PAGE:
oppn parties Karnataka Dissidence & Firefighting by Congress

News Snippets

  • Trouble brews in Bihar JD(U)-BJP alliance as Bihar police asks special branch officers to keep tabs on RSS activities
  • Trust vote in Karnataka assembly today. With rebel MLAs deciding to stay away after the SC order, the Congress-JD(S) government is likely to fall as it does not have the numbers
  • Amit Shah says the government will identify and deport illegal immigrants from all parts of the country
  • Reports from Pakistan confirm that Hafiz Saeed has been arrested and sent to jail
  • After the SC order, Karnataka Speaker says he will go by the Constitution in deciding on the resignations of the 16 MLAs
  • Rebel MLAs say they will not attend the trust vote on Thursday
  • Supreme Court rules that rebel MLAs cannot be forced to attend the assembly and vote in the floor test
  • Both the Centre and the Assam government have sought re-verification of up to 20% of draft NRC data
  • Pakistan opens its airspace for Indian planes
  • Dilapidated building collapses in Mumbai, killing more than 10 people while many were still trapped
  • Kulbhushan Jadhav case verdict to be delivered today by the ICJ
  • A Vistara flight landed in Lucknow with just 5 to 10 minutes of fuel left in the tank
  • Supreme Court to decide on Karnataka MLAs plea today
  • Karnataka alliance to face floor test on Thursday
  • China says that the next Dalai Lama will be appointed by it
International Court of Justice agrees with India, stays Kulbhushan Jadhav's execution. It asks Pakistan to allow consular access to the accused.
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Karnataka Dissidence & Firefighting by Congress

By Sunil Garodia

About the Author

Sunil Garodia Editor-in-Chief of indiacommentary.com. Current Affairs analyst and political commentator. Writes for a number of publications.
The Siddaramaiah ministry in Karnataka has been expanded to quell the rising tide of dissidence against the chief minister. The outgoing state Congress chief, G Parameshwar, has been included but not given his coveted post of deputy chief minister. Instead, he has been given the home portfolio, minus the intelligence wing. It remains to be seen whether this will make him come around or whether he will continue with his sulky and tricky ways that include plotting the downfall of Siddaramaiah.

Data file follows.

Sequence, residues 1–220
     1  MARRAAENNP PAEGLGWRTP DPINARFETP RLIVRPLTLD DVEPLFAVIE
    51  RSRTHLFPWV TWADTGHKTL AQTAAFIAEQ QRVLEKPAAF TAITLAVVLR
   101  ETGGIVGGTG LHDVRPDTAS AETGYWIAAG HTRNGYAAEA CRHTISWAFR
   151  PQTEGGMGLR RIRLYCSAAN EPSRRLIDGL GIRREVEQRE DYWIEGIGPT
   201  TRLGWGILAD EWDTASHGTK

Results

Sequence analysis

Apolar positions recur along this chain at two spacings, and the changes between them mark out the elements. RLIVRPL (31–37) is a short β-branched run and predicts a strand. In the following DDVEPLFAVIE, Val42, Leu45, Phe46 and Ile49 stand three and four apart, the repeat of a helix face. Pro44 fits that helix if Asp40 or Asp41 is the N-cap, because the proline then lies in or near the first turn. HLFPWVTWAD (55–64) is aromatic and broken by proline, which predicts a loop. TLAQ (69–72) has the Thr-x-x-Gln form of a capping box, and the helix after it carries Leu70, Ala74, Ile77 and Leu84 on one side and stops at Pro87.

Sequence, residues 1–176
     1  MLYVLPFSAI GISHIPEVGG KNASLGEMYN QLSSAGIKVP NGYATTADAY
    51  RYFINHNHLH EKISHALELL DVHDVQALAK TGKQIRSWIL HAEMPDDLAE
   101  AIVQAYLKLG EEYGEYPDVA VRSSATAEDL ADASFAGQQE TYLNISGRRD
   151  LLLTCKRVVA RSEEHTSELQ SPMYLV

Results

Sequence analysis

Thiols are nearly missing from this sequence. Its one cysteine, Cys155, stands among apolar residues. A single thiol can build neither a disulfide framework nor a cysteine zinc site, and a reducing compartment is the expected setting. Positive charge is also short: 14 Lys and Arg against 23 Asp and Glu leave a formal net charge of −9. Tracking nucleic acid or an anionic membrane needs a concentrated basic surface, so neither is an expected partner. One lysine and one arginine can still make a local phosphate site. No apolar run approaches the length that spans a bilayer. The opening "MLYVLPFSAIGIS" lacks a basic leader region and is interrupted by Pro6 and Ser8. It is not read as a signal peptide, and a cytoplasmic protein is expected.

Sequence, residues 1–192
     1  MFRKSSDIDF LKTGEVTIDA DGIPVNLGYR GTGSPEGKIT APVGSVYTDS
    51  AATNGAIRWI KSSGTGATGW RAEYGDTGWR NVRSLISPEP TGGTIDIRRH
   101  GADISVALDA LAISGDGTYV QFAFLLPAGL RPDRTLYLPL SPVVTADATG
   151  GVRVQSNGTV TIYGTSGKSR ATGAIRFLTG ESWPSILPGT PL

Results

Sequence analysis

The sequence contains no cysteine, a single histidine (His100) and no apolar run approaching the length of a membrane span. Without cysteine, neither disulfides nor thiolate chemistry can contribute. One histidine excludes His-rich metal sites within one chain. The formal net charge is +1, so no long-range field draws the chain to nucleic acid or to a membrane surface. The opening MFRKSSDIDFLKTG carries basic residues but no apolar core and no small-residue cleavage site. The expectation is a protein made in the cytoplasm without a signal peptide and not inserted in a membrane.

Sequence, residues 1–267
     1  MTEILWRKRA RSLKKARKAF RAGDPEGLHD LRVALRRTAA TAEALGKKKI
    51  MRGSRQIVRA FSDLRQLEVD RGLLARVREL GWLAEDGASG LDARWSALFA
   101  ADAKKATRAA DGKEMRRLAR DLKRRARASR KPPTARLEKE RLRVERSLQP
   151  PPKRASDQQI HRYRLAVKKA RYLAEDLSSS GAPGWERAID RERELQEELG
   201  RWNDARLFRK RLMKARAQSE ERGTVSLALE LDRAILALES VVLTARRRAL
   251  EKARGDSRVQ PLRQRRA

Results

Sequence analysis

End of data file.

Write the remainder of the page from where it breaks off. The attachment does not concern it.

The very fact that it needed a lot of convincing by Digvijay Singh, in-charge of Karnataka and a final intervention by Sonia Gandhi to bring Parameshwar around shows that he is still not happy. Another indicator is the statement by the chief minister a day after the cabinet expansion announcement that everyone in the Congress was happy. But a picture from the Sarthaka Samavesha (carried with this article, courtesy Deccan Chronicle), organized to facilitate Parameshwar on completing five years as KPCC chief, that both Parameshwar and Siddaramaiah attended speaks volumes about their uneasy relationship and proves that they are still not on the same page. At the event, the CM even tried to downplay Parameshwar’s role in resurrecting the fortune of the Congress ahead of the 2013 elections.

Even as the Congress party grapples with its near rout on a pan-India basis, it has not mended its ugly ways in the states where it rules. The saying that old habits die hard fits Congress to a T. But the problem is that since it is out of power at the Centre, the old trick of giving state heavyweights a post at the Centre or making them governors to remove them from the scene is no longer available to it. Hence, it can coax, cajole and even threaten potential mischief makers but in the end it has to accommodate them in the state set up only. This raises the discomfiture of the chief minister as he has to keep an eye on them in the cabinet. The development of the state suffers due to this. If this happens in Karnataka, the vibrancy that the state is famous for will go for a toss and the Congress will have hammered another nail in its coffin.